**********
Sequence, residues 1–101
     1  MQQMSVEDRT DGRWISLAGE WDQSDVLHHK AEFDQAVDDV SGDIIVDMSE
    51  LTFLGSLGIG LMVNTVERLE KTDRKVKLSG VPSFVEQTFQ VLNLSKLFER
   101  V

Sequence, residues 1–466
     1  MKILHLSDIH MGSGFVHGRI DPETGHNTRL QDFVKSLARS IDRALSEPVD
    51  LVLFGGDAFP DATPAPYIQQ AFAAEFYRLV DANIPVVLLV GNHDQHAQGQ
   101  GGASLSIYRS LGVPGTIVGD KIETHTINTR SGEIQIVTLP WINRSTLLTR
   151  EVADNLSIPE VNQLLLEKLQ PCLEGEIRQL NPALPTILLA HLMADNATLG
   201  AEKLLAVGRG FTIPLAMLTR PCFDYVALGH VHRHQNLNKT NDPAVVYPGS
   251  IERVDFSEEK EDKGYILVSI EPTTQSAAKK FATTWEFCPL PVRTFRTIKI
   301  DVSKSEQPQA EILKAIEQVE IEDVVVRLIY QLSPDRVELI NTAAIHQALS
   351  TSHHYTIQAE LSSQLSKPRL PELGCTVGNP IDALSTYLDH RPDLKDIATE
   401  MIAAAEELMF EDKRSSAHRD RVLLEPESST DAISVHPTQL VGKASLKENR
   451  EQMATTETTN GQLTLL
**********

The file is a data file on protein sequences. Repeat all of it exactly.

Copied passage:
Sequence, residues 1–101
     1  MQQMSVEDRT DGRWISLAGE WDQSDVLHHK AEFDQAVDDV SGDIIVDMSE
    51  LTFLGSLGIG LMVNTVERLE KTDRKVKLSG VPSFVEQTFQ VLNLSKLFER
   101  V

Sequence, residues 1–466
     1  MKILHLSDIH MGSGFVHGRI DPETGHNTRL QDFVKSLARS IDRALSEPVD
    51  LVLFGGDAFP DATPAPYIQQ AFAAEFYRLV DANIPVVLLV GNHDQHAQGQ
   101  GGASLSIYRS LGVPGTIVGD KIETHTINTR SGEIQIVTLP WINRSTLLTR
   151  EVADNLSIPE VNQLLLEKLQ PCLEGEIRQL NPALPTILLA HLMADNATLG
   201  AEKLLAVGRG FTIPLAMLTR PCFDYVALGH VHRHQNLNKT NDPAVVYPGS
   251  IERVDFSEEK EDKGYILVSI EPTTQSAAKK FATTWEFCPL PVRTFRTIKI
   301  DVSKSEQPQA EILKAIEQVE IEDVVVRLIY QLSPDRVELI NTAAIHQALS
   351  TSHHYTIQAE LSSQLSKPRL PELGCTVGNP IDALSTYLDH RPDLKDIATE
   401  MIAAAEELMF EDKRSSAHRD RVLLEPESST DAISVHPTQL VGKASLKENR
   451  EQMATTETTN GQLTLL